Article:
Nutrition on the go
Students use UB Mobile’s Dining Services application to track nutritional levels
UB Mobile's dining features offers students a way to track the calories and nutritional value in their on-campus meals. Aline Kobayashi, The Spectrum
Nine thousand seven hundred and seven calories, 951 grams of fat and 32,713 milligrams of sodium - that's the nutritional value Kathryn Bridgwood, a freshman occupational therapy major, thought a Caesar salad from Sizzles had.
Bridgwood, an admitted health freak since her senior year of high school, downloaded UB Mobile - a smartphone application that helps count calories and plan a diet on campus. Though some students have experienced systematic glitches, such as the incorrect information listed for Sizzles' Caesar salad, many have found the dining feature helpful.
Caryn Hufford, a registered dietician at UB, said the app's intentions were not only to aid students with specific dietary needs, but also to guide them toward a healthier college experience. Athletes can use it while following specific sport-related diet plans, while other students use it to shed excess weight, Hufford said.
The app can also help students with food allergies.
Lexis Pallman, a freshman occupational therapy major, can't eat dairy or red meat. Consuming either could result in severe stomach pains and nights spent curled over in "agonizing discomfort," she said.
Pallman is excited she can check allergy information in the "palm of her hand." She checks the app before every meal so she doesn't have to ask an employee whether her meals have dairy.
The app has helped Pallman become more aware of what's in her food. Oatmeal is one food she discovered she must avoid on campus because CDS' recipe uses milk rather than water.
Though Bridgwood found some of the app's nutritional values are not fully accurate, UB Mobile has helped her to create a solid diet plan. UB did not respond to The Spectrum's inquiries about the app by the time of press.
Bridgwood exercises every day, but exercise is not enough to ensure a healthy body, she said, and nutrient intake is just as important. She found it helpful that upon sending a screen-shot of the inaccurate Caesar salad calorie-count to the head of Campus Dining & Shops (CDS), the correction was made.
"I didn't realize how much salt was in everything," Bridgwood said. "I'm really into my health - not only calories, but what's really inside my food."
The fruit and granola Panini from Pistachio's sounds like a healthy option in times of craving a delicious sandwich, Bridgewood said. After using UB Mobile, however, she discovered what she thought was "healthy" actually contained 1,198 calories and 45 grams of fat, which is almost an entire day's worth of calories and fat in one sandwich.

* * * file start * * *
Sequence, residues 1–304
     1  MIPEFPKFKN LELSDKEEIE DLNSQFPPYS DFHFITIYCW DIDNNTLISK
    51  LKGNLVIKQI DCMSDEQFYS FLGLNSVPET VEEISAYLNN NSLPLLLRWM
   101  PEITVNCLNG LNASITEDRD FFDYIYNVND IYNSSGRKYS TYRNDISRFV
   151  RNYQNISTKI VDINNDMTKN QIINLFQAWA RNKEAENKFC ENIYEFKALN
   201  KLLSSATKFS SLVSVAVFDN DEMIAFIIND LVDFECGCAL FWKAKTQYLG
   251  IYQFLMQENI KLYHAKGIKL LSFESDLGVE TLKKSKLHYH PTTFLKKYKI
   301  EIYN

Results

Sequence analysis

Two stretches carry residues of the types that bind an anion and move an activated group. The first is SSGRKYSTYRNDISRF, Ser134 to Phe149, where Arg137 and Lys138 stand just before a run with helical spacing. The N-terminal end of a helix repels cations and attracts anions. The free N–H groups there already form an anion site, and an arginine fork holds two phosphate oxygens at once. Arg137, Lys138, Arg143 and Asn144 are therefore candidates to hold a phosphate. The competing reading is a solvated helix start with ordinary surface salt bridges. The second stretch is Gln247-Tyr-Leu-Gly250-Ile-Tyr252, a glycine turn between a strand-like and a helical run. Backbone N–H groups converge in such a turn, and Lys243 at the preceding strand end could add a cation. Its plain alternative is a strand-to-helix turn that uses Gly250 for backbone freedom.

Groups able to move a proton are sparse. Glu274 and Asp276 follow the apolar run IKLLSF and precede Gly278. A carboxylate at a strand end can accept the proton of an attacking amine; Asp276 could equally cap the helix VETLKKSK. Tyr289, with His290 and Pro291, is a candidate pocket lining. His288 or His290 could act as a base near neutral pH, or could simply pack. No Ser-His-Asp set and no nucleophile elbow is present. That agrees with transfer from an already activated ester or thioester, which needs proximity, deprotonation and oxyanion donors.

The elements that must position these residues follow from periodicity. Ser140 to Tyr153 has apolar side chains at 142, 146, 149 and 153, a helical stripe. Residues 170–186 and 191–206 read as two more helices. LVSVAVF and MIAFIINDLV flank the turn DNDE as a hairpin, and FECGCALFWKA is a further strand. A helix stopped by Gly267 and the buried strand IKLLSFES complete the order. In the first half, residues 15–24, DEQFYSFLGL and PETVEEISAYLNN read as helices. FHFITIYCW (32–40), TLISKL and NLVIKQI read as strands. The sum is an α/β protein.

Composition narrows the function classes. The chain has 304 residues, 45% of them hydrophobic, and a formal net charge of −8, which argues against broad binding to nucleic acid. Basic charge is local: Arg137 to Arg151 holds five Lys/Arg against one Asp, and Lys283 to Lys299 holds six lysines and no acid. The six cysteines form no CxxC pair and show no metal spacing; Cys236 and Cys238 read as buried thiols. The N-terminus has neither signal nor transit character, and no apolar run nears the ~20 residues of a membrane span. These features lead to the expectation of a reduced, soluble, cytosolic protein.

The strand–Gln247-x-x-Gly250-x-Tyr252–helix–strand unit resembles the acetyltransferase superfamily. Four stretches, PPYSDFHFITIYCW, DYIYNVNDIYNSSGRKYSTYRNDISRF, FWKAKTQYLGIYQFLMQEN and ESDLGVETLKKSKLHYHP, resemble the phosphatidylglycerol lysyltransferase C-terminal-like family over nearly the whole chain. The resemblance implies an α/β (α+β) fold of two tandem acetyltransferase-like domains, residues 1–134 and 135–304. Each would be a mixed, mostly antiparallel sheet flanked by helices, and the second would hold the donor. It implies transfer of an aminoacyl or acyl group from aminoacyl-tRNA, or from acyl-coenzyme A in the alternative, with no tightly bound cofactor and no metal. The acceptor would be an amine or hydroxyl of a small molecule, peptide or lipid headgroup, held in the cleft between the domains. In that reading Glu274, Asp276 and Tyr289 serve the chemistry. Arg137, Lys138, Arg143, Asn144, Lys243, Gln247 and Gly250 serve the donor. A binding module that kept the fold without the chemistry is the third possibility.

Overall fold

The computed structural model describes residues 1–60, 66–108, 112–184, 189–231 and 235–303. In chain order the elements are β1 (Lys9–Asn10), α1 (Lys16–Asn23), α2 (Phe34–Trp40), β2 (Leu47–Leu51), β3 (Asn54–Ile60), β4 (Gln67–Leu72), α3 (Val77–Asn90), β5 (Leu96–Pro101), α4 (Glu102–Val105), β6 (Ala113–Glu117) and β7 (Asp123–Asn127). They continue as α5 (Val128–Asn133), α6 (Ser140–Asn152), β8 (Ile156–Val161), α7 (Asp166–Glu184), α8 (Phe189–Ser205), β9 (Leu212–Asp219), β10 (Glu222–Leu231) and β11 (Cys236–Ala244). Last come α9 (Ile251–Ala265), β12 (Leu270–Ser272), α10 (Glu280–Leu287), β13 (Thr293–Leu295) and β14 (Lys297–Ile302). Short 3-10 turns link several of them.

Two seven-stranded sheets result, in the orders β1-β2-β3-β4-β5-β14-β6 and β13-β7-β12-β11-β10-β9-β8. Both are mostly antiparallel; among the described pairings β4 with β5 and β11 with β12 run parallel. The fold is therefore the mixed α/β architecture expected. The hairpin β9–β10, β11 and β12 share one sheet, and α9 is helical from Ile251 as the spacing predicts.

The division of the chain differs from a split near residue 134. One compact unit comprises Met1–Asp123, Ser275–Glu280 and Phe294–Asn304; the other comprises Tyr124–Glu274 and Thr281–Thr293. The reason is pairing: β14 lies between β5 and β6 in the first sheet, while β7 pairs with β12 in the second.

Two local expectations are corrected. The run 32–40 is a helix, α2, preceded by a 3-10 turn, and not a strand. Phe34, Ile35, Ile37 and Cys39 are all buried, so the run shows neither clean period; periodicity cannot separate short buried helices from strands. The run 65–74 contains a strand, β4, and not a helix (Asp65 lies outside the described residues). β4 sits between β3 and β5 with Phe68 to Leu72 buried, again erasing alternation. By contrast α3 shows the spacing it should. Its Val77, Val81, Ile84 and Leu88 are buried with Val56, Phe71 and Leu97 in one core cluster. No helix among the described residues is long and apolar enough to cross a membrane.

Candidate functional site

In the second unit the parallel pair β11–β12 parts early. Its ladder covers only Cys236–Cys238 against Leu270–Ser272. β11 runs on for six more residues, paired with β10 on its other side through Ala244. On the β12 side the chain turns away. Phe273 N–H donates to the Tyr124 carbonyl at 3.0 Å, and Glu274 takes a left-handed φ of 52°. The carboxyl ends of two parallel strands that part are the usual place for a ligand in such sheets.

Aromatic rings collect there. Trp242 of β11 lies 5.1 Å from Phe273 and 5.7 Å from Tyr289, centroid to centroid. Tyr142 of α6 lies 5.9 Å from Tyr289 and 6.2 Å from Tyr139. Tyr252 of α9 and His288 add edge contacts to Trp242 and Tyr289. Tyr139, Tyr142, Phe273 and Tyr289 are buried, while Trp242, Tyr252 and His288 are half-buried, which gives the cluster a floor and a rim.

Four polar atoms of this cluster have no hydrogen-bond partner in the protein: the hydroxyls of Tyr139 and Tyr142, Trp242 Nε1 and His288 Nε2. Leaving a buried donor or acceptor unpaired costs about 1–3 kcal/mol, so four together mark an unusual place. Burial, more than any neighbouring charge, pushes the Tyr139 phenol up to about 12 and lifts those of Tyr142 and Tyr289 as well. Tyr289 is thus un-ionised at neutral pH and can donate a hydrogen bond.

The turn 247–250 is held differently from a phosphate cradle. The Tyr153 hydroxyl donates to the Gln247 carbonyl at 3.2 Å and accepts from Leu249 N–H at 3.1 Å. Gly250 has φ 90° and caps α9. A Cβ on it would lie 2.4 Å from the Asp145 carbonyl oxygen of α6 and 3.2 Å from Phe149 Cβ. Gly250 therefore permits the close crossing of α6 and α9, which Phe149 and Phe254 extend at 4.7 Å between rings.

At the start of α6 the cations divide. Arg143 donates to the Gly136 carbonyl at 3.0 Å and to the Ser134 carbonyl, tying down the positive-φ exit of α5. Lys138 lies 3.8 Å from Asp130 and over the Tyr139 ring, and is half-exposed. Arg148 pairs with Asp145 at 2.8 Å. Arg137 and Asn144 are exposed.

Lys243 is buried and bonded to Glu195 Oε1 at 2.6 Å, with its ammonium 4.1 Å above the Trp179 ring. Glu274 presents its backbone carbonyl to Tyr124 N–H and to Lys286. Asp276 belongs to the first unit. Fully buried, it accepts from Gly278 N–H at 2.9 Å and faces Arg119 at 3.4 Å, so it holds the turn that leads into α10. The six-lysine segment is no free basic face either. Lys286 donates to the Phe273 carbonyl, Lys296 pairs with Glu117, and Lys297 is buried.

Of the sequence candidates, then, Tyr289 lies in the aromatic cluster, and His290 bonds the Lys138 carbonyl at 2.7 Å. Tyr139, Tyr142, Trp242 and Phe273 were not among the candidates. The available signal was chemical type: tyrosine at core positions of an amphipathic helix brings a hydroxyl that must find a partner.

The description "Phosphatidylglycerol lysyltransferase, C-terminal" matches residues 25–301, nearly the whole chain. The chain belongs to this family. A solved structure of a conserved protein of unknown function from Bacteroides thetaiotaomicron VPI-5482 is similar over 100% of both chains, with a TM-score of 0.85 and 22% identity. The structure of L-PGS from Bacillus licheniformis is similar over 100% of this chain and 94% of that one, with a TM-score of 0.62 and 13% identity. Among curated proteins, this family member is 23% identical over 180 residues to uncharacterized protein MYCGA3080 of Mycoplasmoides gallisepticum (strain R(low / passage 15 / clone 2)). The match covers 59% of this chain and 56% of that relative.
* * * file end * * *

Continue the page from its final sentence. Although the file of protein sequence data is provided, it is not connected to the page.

Now, Bridgwood uses the app to create healthier salads at Putnam's. She gets her dressing on the side. She also builds her own oatmeal at the C3 dining hall, so she knows exactly what is going into her meal.
With the UB Mobile app, students have the opportunity to think before they eat, according to Stephany Belmont, a freshman nursing major. She said it is easy to ignore the fat or sodium content when "aching for an escape from the stress of classes or the ever so popular late-night cravings," and some college students don't pay attention to the nutritional value of their meals, which can make a big impact on one's weight and health.
"College makes it too easy to eat," Belmont said. "There is definitely more late-night eating. UB makes it easy because we have 'late-night' meal swipes."
Belmont said the app can help students if they use it frequently.
"The app has helped me track my eating habits and open my eyes to the realities of many popular college foods," Bridgwood said. "I noticed I'm up later now that I'm in college, so it's important to me that I know what's in my late-night snacks."
Bridgwood eats Perry's low-fat frozen yogurt from Perks CafÃ© or a fruit cup as a late-night snack. She said her snack options depend on her mood and level of stress that day, but the app always keeps her from indulging in the most fattening and unhealthy foods.
Students seeking further nutritional advisement can meet with Hufford to create a diet plan specific to their needs; she is available by appointment. Hufford finds it easier to give students health information with the access of the app.
Hufford said the app will be updated and improved in the near future.
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